Outstanding Links: 09 Patristic Literature

Arch ImageOver the next few days, I want to share a few remarkable websites that are accessible at no cost to the public and are related to the types of topics in which CECS specializes. The links provided are active, so merely click to enter. A few lines of text describe each site in order to assist users navigate the content. These have taken several months to accumulate and are the result of evaluating numerous contributions that are currently maintained under the auspices of universities, organizations, foundations, and outstanding scholars.

http://earlychristianwritings.com

EarlyChristianWritings.com offers a complete collection of ante-Nicene literature. It provides translations and commentaries for these resources and includes the New Testament, Apocrypha, Gnosticism, early patristic literature, Greco-Roman writers, and such. The navigation is intuitive and all entries are listed chronologically. Its editor is Peter Kirby (link to blog: http://peterkirby.com).

http://patristica.net/graeca

Patrologia Graeca hosts 161 Greek and Latin patristic documents from the first to the fifteenth century and is based on the Jacques Paul Migne series. Google books is responsible for the scanning and housing, and despite the cumbersome navigation tools, the site is unique with its content. No translations are offered, and the series is long out-of-print, since its printed form was published at Paris between 1857 to 1866.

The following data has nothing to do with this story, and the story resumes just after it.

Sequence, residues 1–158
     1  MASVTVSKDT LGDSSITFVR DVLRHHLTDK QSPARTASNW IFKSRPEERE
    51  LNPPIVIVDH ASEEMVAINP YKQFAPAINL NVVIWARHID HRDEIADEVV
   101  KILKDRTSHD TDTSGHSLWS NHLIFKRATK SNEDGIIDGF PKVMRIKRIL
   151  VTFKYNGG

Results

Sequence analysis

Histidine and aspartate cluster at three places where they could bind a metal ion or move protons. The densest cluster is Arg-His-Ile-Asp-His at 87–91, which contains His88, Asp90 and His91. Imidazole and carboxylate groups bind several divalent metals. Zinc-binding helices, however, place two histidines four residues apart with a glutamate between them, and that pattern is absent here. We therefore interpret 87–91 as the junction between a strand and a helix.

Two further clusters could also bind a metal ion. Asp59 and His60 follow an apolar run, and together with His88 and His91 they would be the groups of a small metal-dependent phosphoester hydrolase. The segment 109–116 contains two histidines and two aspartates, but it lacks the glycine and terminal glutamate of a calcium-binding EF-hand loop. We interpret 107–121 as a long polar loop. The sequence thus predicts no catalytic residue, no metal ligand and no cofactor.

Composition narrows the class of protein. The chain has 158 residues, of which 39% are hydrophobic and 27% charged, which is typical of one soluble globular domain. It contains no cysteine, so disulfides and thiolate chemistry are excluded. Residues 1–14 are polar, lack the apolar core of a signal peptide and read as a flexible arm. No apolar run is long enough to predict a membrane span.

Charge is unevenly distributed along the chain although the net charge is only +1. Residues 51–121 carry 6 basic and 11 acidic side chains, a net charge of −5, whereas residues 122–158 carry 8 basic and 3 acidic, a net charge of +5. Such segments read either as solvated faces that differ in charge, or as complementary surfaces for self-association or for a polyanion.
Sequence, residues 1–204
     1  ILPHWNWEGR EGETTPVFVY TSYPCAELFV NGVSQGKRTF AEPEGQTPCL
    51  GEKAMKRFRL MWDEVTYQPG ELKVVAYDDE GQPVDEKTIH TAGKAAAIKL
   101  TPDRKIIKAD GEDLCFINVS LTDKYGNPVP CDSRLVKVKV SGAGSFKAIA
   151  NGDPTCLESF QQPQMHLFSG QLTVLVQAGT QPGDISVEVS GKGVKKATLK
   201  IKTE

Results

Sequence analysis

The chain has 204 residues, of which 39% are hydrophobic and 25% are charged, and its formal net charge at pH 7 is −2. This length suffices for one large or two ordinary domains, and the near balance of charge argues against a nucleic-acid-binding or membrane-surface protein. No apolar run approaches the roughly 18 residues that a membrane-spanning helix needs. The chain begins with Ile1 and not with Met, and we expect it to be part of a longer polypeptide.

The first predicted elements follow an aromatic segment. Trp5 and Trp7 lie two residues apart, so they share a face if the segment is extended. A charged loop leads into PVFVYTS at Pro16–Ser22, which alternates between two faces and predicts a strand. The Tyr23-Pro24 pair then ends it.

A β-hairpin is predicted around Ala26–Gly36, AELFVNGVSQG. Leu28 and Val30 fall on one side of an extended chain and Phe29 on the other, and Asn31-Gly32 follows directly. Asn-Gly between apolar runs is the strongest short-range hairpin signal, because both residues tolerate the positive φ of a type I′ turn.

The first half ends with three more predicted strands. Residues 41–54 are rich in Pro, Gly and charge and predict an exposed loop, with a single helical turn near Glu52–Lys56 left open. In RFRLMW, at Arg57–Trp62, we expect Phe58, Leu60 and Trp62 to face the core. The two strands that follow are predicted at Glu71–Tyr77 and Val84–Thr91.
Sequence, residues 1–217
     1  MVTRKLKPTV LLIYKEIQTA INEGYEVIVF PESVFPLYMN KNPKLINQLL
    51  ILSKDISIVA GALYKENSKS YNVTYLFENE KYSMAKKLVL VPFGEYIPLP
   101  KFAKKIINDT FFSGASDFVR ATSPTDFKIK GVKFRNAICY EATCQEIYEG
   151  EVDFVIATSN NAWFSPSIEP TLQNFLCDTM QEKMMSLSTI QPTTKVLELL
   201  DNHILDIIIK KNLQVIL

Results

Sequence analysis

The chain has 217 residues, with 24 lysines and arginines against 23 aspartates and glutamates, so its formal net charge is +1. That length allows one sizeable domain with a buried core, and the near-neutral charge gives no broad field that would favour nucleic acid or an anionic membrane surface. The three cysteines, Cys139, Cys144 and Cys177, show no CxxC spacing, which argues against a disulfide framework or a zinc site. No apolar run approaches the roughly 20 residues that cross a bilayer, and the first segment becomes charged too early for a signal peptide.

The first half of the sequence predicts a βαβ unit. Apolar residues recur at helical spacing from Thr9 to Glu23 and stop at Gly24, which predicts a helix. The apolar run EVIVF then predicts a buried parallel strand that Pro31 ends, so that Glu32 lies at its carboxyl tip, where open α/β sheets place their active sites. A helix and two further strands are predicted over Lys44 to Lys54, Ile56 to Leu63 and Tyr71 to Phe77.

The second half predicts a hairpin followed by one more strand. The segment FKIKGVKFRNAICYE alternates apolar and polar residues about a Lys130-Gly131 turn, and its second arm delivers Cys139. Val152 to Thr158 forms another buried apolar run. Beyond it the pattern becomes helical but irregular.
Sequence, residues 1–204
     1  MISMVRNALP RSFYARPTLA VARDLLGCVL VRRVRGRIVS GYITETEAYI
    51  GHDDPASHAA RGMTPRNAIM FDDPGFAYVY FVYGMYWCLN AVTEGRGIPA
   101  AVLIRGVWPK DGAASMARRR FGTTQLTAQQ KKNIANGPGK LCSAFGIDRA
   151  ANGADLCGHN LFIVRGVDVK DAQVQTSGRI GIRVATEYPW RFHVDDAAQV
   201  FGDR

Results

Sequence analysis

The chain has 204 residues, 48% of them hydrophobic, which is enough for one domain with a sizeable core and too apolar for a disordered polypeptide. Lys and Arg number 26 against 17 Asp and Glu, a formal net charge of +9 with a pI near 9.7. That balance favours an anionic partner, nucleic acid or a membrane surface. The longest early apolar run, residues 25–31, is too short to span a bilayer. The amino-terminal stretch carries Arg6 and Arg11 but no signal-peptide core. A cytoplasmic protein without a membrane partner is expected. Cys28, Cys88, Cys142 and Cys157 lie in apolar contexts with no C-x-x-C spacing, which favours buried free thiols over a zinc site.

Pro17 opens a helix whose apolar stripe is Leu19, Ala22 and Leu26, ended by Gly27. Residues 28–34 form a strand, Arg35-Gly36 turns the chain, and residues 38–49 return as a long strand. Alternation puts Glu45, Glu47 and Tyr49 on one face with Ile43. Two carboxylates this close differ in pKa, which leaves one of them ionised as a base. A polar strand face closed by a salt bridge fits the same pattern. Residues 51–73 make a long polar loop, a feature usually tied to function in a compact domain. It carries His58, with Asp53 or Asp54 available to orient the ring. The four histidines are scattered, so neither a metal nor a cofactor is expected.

http://www.gnosis.org

The Gnostic Society Library (a section of The Gnosis Archive), specializes in the Nag Hammadi collection but maintains an archive of several additional documents. The site hosts translations of texts from numerous experts that are accessed through easy-to-use navigation. Gnosis.org is unorthodox in its approach but offers book reviews and web lectures. Recommendation: begin with “Codex Index” in the side menu.

http://www.earlychristianwritings.com/thomas

The Gospel of Thomas Commentary (2012) explores modern interpretations of this ancient document that is extant in a Coptic translation and was discovered at Nag Hammadi in 1945. There is no particular theological position espoused, and each entry is listed according to the gospel’s 114 sayings. This is the work of Peter Kirby of the EarlyChristianWritings.com website (blog: http://peterkirby.com).

http://www.gospel-thomas.net

“The Gospel of Thomas Resource Center” is designed for independent research on the Gospel of Thomas, and features the first complete Coptic-English translation and concordance. The interlinear is helpful, as are the links that this site hosts. Michael Wilfred Grondin (M.A., Wayne State University), founded it in 1997. For the interlinear alone click: http://www.gospel-thomas.net/gtbypage_112702.pdf.